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[Note: there may be inaccuracies in this English translation of a Spanish article. Hyperlinks and embedded photos at linked website article.]


'Filomena' and a badger joined forces to find an archaeological treasure
Researchers believe that a mustelid unearthed in a cave in Asturias the largest set of Roman coins in northern Spain, which several experts describe as "exceptional"

Madrid- 07 JAN 2022 - 05:15
Updated:08 JAN 2022 - 14:33 CET

Three archaeologists work in the place where the Asturian-Roman treasure of La Cuesta de Berció (Asturias) has been found.

The winter of 2021 was cruelly harsh on the Iberian Peninsula. The storm Filomena had covered much of Spain with snow, making it extremely difficult for the badger to find berries, worms or small invertebrates to eat. It then came out of its burrow inside the cave of La Cuesta ( Berció, Grado, Asturias) to dig and put its legs in a small crack open next to its shelter. He found nothing to feed on, just a set of metal parts. They were hard and cold, so he abandoned some in front of his lair. Shortly after, Roberto García, a resident of the area, and two archaeologists who were visiting the cave found the result of the desperate excavation of the mustelid, according to their main hypothesis. On April 5 of last year, the research work began with the support of the Ministry of Culture of the Principality of Asturias. The report The late Roman treasure of the cave of La Cuesta de Berció (Grado, Asturias). First assessments in its Cantabrian contextreveals what the little omnivorous tasugo actually found: the largest treasure trove of Roman coins in northern Spain in a cave. A total of 209 pieces, from between the 3rd and 5th centuries d. C, some from the distant mints of London or Antioch, which someone hid in the cave before the imminent arrival of the Suebi, a Germanic people who invaded the Peninsula in 409 from the frozen waters of the Rhine.

He points to the report by the experts Alfonso Fanjul Peraza , Alberto Ceballos Hornero , Antonio Juaneda Gavelas, Emilio Muñoz Fernández, Roberto García Flórez and Carmen Llamosas San Miguel, and which has just been published by the Prehistory and Archeology Notebooks of the Autonomous University of Madrid, that the Berció cavity juts 16 meters into a wall of the Nalón river. This hollow, which is accessed by a very steep clay slope covered with forest, "was always harassed by the so-called ayalgueros or treasure hunters, who were looking for what has been known since the 18th century as the grotto of a barbarian king named Godulfo " , monarch who reigned only in the popular imagination.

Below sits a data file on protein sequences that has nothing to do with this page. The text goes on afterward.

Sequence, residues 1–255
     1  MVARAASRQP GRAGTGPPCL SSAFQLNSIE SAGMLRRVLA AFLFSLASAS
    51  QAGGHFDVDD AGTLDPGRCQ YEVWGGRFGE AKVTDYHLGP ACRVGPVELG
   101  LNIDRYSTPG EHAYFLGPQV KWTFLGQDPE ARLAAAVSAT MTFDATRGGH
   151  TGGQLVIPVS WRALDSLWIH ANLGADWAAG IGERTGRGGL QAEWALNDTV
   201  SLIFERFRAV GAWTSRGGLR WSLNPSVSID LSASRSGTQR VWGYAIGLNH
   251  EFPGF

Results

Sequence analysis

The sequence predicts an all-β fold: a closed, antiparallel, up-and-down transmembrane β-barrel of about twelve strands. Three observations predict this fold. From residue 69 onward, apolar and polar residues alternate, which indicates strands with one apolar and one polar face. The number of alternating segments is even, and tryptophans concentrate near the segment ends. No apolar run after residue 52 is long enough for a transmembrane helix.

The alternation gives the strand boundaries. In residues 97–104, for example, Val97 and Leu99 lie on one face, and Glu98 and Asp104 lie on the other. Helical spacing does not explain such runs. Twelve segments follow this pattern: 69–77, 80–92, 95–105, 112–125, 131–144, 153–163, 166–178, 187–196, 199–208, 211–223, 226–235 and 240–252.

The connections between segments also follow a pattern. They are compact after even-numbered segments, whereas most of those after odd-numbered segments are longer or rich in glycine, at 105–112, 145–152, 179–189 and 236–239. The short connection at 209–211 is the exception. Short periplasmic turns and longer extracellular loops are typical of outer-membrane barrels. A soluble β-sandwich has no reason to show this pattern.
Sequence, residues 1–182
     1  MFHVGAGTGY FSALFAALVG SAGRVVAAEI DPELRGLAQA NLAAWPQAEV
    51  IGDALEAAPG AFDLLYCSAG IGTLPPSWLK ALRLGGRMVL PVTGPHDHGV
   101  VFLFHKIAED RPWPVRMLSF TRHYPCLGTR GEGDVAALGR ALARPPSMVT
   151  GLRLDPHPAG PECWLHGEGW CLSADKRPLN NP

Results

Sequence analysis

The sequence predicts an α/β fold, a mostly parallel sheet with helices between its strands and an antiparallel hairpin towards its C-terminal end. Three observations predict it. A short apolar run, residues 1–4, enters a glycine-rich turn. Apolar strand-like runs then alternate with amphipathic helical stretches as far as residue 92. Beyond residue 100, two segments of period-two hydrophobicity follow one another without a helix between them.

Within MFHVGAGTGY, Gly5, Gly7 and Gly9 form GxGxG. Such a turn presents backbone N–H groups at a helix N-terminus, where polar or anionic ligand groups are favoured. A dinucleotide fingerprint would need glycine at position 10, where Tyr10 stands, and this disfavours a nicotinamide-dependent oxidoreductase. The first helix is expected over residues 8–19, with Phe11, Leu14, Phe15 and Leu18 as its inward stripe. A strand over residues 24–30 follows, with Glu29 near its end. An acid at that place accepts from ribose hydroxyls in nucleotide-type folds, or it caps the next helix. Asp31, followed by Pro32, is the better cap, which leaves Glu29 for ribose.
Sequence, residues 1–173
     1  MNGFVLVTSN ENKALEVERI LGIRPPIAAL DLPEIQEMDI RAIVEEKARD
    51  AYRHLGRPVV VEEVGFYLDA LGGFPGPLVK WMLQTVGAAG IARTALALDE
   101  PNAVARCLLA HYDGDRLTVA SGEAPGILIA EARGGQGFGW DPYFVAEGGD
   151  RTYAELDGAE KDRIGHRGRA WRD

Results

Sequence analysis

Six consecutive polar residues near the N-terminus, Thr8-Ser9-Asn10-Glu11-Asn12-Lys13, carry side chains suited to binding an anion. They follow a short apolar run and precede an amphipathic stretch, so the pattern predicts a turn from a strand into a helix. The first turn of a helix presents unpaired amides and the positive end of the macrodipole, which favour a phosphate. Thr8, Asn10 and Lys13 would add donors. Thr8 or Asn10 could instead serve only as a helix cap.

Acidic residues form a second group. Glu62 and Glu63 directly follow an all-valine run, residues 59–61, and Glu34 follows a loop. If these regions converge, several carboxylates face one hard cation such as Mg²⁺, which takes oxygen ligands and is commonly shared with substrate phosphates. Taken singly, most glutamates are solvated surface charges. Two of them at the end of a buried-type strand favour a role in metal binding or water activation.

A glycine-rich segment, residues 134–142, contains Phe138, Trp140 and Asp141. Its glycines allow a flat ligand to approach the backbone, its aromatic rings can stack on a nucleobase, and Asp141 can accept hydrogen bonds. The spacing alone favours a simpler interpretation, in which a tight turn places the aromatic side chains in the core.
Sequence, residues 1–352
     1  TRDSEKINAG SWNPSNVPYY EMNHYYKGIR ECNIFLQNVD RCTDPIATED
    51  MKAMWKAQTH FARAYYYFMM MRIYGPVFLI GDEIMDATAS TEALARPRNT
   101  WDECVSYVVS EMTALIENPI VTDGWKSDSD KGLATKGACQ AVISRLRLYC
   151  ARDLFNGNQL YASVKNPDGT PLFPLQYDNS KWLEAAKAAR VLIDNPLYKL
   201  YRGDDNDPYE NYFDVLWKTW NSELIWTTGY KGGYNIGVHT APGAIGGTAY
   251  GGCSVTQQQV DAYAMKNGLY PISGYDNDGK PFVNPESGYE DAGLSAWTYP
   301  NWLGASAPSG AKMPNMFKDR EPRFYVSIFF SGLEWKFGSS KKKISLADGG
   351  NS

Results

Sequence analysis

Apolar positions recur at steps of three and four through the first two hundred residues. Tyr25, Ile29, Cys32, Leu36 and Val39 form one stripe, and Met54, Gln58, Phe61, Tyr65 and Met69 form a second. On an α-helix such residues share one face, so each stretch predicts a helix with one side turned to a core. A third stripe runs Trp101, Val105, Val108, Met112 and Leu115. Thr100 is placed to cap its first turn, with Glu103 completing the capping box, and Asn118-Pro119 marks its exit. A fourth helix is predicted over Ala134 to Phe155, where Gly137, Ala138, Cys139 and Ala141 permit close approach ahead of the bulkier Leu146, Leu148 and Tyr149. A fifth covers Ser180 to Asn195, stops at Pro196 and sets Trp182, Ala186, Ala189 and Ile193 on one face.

The specialists believe that the pieces found next to the burrow are only “a secondary deposit, coming from a larger deposit of pieces, now non-existent, of which a part fell through a sink crack to the ground. They were, therefore, in a narrow natural vertical pool that, emptied in its lower section by the animal, had removed part of the deposit from the entrance of the burrow, leaving more pieces in the deep part ”.

The sink has a depth of about 40 centimeters. When excavating it, the archaeologists unearthed more coins, up to a total of 209. Its chronology ranges from the middle of the third century to a piece minted in the time of Valentinian III, in the year 430. "This time frame allows us", says Alfonso Fanjul, “date the deposit, for the moment, and in the absence of new excavations inside and outside the cavity, in the second half of the V century AD. C. An interesting moment of the Swabian expansion in the peninsular northwest, being the area of ​​Grado a limit area of ​​the Asturian-Roman territory”.

Roman coins found in La Cuesta de Berció (Asturias).

In the thirties of the last century, also in the valley of Grado, the so-called treasure of Chapipi was found, 14 gold coins from the time of Constantine (he reigned between 306 and 337), as well as a ring of the same material. "This accumulation of important findings, being prudent, could respond to that context of intense conflict in a border territory," adds Fanjul. That is, and as happened in other parts of the Peninsula and in different centuries, when the invader or the enemy approached, the owners of the coins hid them in the most unsuspected places so that, once the danger had passed, they could be recovered. But they didn't always succeed.